Tuesday, 30 December 2008

Airline compensation loophole narrowed

Airlines will have to prove technical problems were totally unforeseen if they are to cite them as an excuse for wriggling out of paying compensation for last minute cancellations.

Until now they have sometimes claimed such problems qualify as "extraordinary circumstances", which would exempt them from coughing up under EU regulations.

This loophole has been closed - partially at least - by the European Court of Justice. While it recognises that some technical difficulties may be totally beyond an airline's control - such as when a manufacturer discovers a fault which demands the grounding of aircraft - the court has ruled they will need to prove it.

Its judgement reads: "The onus is on the party seeking to rely on them to establish that, even if it had deployed all its resources in terms of staff or equipment and the financial means at its disposal, it would clearly not have been able – unless it had made intolerable sacrifices in the light of the capacities of its undertaking at the relevant time – to prevent the extraordinary circumstances with which it was confronted from leading to the cancellation of the flight.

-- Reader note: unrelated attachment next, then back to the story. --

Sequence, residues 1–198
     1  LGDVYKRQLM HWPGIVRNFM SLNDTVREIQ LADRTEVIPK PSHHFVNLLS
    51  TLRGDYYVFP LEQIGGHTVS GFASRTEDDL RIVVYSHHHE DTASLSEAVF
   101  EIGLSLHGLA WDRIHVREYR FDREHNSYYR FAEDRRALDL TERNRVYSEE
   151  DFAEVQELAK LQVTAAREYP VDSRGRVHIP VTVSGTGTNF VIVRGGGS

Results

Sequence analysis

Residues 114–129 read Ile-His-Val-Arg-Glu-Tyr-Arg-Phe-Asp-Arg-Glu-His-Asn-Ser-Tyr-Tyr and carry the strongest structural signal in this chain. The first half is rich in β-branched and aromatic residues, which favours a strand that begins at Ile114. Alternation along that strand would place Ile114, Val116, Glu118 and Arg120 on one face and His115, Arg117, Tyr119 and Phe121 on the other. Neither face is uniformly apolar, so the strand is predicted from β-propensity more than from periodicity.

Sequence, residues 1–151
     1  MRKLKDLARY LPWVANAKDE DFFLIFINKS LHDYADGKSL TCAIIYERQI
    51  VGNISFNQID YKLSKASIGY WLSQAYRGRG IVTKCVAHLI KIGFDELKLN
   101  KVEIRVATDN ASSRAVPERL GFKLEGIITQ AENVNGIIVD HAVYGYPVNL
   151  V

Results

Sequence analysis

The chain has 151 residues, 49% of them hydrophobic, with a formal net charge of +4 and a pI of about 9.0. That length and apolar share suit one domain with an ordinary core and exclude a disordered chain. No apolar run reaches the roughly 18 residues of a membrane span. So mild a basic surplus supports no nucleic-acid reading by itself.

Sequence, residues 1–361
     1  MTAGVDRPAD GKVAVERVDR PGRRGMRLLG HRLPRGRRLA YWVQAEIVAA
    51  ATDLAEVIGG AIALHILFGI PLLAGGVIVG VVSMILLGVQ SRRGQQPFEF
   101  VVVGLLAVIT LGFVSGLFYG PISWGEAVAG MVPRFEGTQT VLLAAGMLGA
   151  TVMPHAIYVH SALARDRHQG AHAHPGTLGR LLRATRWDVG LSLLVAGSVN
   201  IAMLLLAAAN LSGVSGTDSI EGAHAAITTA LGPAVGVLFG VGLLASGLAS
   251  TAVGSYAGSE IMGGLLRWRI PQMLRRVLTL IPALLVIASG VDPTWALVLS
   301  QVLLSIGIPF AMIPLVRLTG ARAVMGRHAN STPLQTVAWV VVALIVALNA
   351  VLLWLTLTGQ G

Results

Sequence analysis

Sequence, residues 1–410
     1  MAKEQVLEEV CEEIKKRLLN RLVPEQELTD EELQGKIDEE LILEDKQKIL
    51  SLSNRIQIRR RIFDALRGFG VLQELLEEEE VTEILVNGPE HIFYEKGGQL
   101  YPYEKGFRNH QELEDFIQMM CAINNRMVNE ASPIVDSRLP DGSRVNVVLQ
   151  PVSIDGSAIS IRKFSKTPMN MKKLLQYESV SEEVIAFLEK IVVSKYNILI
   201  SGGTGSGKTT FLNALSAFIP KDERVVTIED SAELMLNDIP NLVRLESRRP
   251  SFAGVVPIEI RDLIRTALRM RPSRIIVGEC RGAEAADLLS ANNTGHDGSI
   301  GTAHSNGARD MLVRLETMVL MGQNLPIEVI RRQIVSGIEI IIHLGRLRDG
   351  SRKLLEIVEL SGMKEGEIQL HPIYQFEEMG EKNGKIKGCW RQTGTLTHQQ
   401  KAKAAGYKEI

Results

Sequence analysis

"The fact that an air carrier has complied with the minimum rules on maintenance of an aircraft cannot in itself suffice to establish that that carrier has taken all reasonable measures so that it is relieved of its obligation to pay compensation."

The decision follows a case brought against the Italian airline, Alitalia. It was brought originally by a passenger who was informed five minutes before departure that a flight booked from Vienna to Brindisi had been cancelled.